If something distinguishes the City of Havana it is its two faces, that quietly and peacefully coexist, in one the ugly and in need of painting and maintenance, and in the other the repaired and comfortable.
These contrasts have become more visible after the penalization of the dollar was lifted in 1993, when waves of capitalism spread first through the Capital and later through the rest of the country.
In Cuba, the differences hit you in the face. The services in stores and cafeterias paid with the national currency are deplorable. The variety of products can be counted with the fingers in one hand, and the bad quality of the products is insulting. The businesses are always dirty and empty and the service is bad, lacking work ethics, they spend their eight hours at work, talking to one another. To them they give the same, whether they work or not their salary won’t exceed 300 pesos, about 12 dollars.
The opposite happens in the islands of capitalism which, with an incredible speed, are popping up in the city. Malls, stores, cafeterias, restaurants, photo labs, gas stations and bookstores, are among the establishment with an acceptable presentation and a diversity of products that for a foreigner may not seem too extensive, but for a Cuban it is a novelty to see in the display case of a cafeteria around twenty articles.
To be able to buy or enjoy those establishments, you have to have Convertible Cuban Pesos (CUC) the hard currency that replaced the dollar after April 9, 2004. It was a superlative incongruity that the money of the United States, the number one enemy of Fidel Castro and his Revolution, would circulate freely and make possible any transformation or social improvement
It is estimated that only through the concept of the family remittances, around one billion dollars come in the country annually. According to official statistics, forty per cent of Cubans have access to the hard currency. But in Havana the amount could go as high as sixty or seventy per cent of the population. That is why the growth of the offers in CUC or Convertible Cuban pesos do not stop increasing. Especially if it is known that the the merchandise that it is sold in CUCs has its value altered due to the taxes.
Antonio, a corporate financier, affirms that all articles sold in Cuba have a marked up price of about 100 or 200 per cent over the cost. If we credit that information, the earnings that end up in the government coffers are very high. Just because we classify the country impoverished and of the third world it is not an obstacle for the prices on the Island to compete with those of London, Paris or New York. In spite of this, the sales in hard currency increase year after year.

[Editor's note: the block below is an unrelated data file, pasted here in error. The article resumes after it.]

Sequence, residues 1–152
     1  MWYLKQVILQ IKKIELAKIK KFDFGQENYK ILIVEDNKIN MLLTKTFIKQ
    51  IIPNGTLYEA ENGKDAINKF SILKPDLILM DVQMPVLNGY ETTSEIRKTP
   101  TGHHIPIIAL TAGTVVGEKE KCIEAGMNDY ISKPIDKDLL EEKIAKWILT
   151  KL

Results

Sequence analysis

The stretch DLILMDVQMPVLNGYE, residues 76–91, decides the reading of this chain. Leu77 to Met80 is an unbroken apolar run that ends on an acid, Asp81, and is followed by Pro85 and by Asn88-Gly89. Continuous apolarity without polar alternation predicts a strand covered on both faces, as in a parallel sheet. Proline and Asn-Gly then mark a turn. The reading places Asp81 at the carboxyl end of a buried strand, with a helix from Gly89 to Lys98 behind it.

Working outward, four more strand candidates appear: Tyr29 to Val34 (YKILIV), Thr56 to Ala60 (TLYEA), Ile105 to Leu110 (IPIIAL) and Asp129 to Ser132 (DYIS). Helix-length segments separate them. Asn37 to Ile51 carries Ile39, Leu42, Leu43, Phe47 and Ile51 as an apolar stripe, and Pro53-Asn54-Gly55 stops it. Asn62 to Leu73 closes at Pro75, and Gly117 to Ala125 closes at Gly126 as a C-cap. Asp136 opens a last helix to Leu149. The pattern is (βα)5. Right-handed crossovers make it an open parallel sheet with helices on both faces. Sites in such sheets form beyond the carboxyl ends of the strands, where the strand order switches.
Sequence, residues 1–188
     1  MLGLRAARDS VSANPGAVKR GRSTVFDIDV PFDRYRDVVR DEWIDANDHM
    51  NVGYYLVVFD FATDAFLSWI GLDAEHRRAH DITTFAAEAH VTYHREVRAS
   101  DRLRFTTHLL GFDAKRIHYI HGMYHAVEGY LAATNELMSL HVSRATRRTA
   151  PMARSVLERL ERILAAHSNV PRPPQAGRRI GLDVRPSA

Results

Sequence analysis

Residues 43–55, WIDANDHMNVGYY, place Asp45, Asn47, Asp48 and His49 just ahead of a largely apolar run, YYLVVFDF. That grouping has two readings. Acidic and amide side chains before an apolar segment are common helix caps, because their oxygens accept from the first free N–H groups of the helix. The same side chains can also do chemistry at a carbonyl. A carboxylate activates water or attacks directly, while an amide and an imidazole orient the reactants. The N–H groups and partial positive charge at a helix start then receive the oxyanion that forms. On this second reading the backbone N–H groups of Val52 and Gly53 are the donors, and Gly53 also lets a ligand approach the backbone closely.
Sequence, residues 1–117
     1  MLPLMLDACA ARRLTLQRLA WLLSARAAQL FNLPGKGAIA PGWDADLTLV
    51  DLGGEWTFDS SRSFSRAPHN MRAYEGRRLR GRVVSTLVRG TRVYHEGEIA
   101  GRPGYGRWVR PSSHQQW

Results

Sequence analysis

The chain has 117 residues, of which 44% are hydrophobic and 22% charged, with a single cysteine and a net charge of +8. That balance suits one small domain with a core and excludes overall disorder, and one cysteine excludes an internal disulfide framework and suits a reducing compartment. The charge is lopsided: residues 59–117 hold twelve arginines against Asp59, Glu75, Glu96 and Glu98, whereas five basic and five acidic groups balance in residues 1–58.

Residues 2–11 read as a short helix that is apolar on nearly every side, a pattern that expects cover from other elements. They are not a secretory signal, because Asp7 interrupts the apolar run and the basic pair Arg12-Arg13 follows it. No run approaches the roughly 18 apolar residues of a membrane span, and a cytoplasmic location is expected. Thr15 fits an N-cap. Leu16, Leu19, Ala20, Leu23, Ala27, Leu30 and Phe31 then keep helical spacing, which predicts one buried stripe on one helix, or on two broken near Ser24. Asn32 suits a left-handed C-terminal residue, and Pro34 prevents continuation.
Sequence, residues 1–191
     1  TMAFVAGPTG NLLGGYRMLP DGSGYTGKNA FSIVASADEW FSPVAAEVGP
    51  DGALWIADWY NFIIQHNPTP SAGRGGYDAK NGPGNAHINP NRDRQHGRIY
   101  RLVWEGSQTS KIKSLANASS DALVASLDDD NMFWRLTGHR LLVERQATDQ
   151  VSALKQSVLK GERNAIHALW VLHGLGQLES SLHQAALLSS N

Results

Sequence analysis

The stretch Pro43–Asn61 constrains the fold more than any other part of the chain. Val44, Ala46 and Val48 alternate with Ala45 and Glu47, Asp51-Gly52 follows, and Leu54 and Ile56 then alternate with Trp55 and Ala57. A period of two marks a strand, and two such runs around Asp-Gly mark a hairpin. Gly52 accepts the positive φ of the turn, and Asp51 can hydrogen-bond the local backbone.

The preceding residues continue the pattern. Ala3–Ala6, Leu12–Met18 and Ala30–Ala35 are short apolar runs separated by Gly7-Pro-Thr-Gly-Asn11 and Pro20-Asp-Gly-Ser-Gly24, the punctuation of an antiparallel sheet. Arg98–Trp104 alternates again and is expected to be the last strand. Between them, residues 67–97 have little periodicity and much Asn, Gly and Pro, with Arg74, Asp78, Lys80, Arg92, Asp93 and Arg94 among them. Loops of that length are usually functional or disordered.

If Cubans could go shopping in Florida, Jamaica, Caiman Islands, Dominican Republic or Mexico, the situation would be different. The internal hard currency market has no competition, and the citizens have no choice but to shop in the Socialist stores with the convertible Cuban peso, a little more pleasant and stocked, but equally inefficient as the ones that use the National currency.
Added to the family remittances are the earnings of artists, writers, famous athletes, and the female and male hustlers (jineteras and pingueros). In this category, you will also find the people within the Country who have a bank account in hard currency.
The Cuban peso, the National currency, is a caricature. With it, you can only buy vegetables, beans, pork meat, rum, cigarettes, and one or another “freed” product of quality inferior to that available for convertible Cuban pesos.
While communist Havana looks like a metropolis demolished by a bombardment, reflecting the decadency of the system, its capitalist counterpart, in plain view, projects its impeccable and colorful paint. And with big glass panes, in some instances tinted, so that the poor outside can not see what it is offered inside. Jewels of urban architecture such as “the Lonja Del Comercio” (1909) and the Bacardi Building (1930) both in Old Havana. They have been transformed to offices equipped with up-to-date technology.
Seventeen years have gone by since the penalty for owning dollars was lifted, announced by Fidel Castro on July 26, 1993. In this time, capitalism has advanced slowly through the City. Hotels, Malls, Taxi Fleets and leased cars for tourists serve as testimony. However, this has not been an obstacle to Havana having two faces.
Translated by: Mari Mesa Contreras